Where are the Girls? Weston Soccer Referees
This weekend BAYS (Boston Area Youth Soccer) teams re-take the field after a year of cancellation and/or adjustment. There was no Weston Soccer last spring, and last fall the teams played only other Weston teams. The best part of the fall season is that the kids got outside with their friends and teammates. And Weston won every single game. Undefeated, baby. This spring, Weston Soccer takes the field against other towns with 11 boys teams and 9 girls teams (grades 3-8 only; there is no competitive soccer pre-K to grade 2).
One of the Owlets, at age 14, is now old enough to be a BAYS referee. The training involved 5 hours of online coursework, a 4-hour zoom training class, a test, additional safety protocol training, and finally an in-person outdoor referee training run by the priceless Sara Osborn, referee assignor for Weston Soccer. [As a side note, the number of hours that Sara and Weston Soccer volunteers put into town soccer is extraordinary–and should be more appreciated]. The Owlet has also played soccer since the age of two (half-Brazilian) so has fairly extensive knowledge of the game–or is supremely confident of it, which helps as well.
At the optional in-person referee training, the Owl observed non-scientifically that there were many more boys than girls. For full disclosure, the Owl played soccer only until eighth grade herself and being old, does not remember anything about referees being boys or girls or even on the field. The Owl does remember Germany beating Italy in the finals of New Canaan town soccer. Also, snacks.
The Owl checked in with Sara Osborn to get the numbers. The good news is that Weston has a strong referee program–there are 28 middle school and high school referees (and an additional 3 adult refs). Of those 28 referees, 9 are new this year. Four of the 9 new refs are girls, joining three returning girl referees. So, pulling out the Owl calculator, 7 out of 28 means only a quarter of the referees are girls.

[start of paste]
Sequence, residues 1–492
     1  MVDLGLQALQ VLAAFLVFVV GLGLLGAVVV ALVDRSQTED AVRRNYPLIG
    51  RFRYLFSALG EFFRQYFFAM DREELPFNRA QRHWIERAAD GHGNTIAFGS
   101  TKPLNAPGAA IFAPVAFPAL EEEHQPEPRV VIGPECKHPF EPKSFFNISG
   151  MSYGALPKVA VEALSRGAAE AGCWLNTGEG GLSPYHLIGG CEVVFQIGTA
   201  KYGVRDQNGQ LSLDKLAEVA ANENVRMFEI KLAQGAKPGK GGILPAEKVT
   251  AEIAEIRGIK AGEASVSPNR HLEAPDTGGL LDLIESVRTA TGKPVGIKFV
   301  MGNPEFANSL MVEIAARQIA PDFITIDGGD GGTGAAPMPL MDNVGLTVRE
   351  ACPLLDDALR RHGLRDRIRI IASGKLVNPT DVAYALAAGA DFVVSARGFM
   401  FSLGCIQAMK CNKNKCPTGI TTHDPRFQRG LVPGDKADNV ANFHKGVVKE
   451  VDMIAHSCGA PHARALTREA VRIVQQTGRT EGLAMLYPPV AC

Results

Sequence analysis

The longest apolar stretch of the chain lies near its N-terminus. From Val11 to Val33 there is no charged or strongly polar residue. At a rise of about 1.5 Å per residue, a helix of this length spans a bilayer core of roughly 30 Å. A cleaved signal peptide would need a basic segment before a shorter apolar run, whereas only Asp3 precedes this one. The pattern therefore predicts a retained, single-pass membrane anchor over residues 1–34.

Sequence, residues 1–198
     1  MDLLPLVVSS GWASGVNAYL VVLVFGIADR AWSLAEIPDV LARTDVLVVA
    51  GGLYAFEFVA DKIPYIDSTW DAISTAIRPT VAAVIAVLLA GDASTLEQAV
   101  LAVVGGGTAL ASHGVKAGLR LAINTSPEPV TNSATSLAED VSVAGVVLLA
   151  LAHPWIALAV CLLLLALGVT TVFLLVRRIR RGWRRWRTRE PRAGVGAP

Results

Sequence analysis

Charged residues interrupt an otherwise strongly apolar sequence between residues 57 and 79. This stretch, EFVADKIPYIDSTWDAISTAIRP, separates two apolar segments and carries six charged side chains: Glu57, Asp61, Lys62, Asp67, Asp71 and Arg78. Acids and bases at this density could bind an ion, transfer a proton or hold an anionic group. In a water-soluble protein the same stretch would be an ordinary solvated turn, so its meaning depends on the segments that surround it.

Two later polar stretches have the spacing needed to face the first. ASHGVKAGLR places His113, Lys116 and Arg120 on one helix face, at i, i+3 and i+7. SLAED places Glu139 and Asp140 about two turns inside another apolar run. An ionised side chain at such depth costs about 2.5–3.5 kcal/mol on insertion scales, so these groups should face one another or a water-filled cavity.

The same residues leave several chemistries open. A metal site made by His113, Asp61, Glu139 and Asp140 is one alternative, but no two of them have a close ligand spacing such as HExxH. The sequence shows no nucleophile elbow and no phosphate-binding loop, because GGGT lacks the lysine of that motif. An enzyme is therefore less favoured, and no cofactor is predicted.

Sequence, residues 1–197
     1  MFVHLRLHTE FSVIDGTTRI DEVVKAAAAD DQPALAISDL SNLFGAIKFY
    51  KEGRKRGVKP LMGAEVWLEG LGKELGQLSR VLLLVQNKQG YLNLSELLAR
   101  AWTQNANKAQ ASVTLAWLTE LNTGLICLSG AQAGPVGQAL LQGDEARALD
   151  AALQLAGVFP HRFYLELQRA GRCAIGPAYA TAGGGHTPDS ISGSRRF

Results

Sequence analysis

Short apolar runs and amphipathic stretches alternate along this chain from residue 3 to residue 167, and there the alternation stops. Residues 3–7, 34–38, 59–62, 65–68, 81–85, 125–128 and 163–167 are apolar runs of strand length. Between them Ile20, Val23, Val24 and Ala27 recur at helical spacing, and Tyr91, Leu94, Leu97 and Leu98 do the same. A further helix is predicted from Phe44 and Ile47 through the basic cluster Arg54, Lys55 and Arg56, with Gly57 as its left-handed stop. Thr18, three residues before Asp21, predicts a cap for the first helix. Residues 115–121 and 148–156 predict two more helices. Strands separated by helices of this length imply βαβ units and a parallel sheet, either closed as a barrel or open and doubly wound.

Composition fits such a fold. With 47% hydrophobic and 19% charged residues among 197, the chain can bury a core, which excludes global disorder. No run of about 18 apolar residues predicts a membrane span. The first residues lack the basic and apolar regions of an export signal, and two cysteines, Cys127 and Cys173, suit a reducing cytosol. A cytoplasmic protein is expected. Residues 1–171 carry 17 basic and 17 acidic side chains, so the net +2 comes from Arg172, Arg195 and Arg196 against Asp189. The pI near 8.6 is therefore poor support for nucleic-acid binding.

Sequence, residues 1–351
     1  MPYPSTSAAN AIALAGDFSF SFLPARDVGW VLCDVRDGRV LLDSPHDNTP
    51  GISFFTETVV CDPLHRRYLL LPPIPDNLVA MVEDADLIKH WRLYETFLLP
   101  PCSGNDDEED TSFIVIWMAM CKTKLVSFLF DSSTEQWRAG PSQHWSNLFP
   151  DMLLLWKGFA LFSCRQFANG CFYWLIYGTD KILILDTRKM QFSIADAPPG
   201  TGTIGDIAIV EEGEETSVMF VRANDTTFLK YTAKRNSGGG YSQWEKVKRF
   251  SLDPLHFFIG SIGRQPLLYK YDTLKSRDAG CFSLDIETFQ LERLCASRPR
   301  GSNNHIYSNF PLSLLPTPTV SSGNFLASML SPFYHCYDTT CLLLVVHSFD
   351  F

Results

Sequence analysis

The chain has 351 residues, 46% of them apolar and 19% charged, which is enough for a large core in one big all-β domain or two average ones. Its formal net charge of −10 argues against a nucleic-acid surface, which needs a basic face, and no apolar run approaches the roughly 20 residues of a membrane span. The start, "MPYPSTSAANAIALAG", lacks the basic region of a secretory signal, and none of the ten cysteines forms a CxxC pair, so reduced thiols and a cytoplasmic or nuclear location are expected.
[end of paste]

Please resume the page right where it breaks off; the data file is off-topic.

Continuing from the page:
A check of Weston Soccer numbers shows that girl and boy player participation is close to equal at the youngest ages, with a slight downtown for the girls in middle school when sports like field hockey and cross country appear to steal a few. And in a statistical coincidence (or is it?) one-quarter of Weston Soccer’s head coaches are women. So what’s the deal?
While chatting with some moms of girls, the answers seemed to fall roughly into two categories. The first is that girls may have more options for jobs like babysitting for their weekend hours. The second is a bit more sobering: girls in their early teens may have lost some of the confidence of earlier years. Reached for comment, John “JP” Power, president of Weston Soccer and Weston High School Girls varsity coach, confirmed some of this:
“I think that the confidence required to take such significant responsibility, especially in a venue where parents occasionally howl at perceived mistakes, might be in shorter supply among 14-year-old girls. Reffing is really performance art, you have to command a very large space with bold gestures and loud calls and whistles. You have to call a lot of attention to yourself. “
Having attended a few games with my sons over the years, the truth of difficult sidelines is real. Everyone’s a referee in a folding chair.
One thing everyone said who commented for this article: they would all love to see more women referees and women coaches in soccer. Weston Soccer would love to see more girls reffing in general, and in particular, reffing the girls games. So the next time referee training rolls around, and perhaps in preparation for fall soccer, have a chat with your teenaged soccer-loving daughter, niece or neighbor. The money in reffing is not insignificant, you get to be outside doing what you love, and you’re inspiring the younger girls. Also, you get to yell and be in charge: there’s your leadership training.
As a final note to any soccer parents out there: be respectful of the referees. One of them is my kid who is doing the best he can. And what you do from the sidelines is seen and heard by everyone on the field. Respect goes a long way towards building the kids we want to see on the field in maroon or yellow jerseys.
And, for your reading enjoyment, history has been made on this very recently, with the first woman to officiate at a men’s World Cup qualifier game.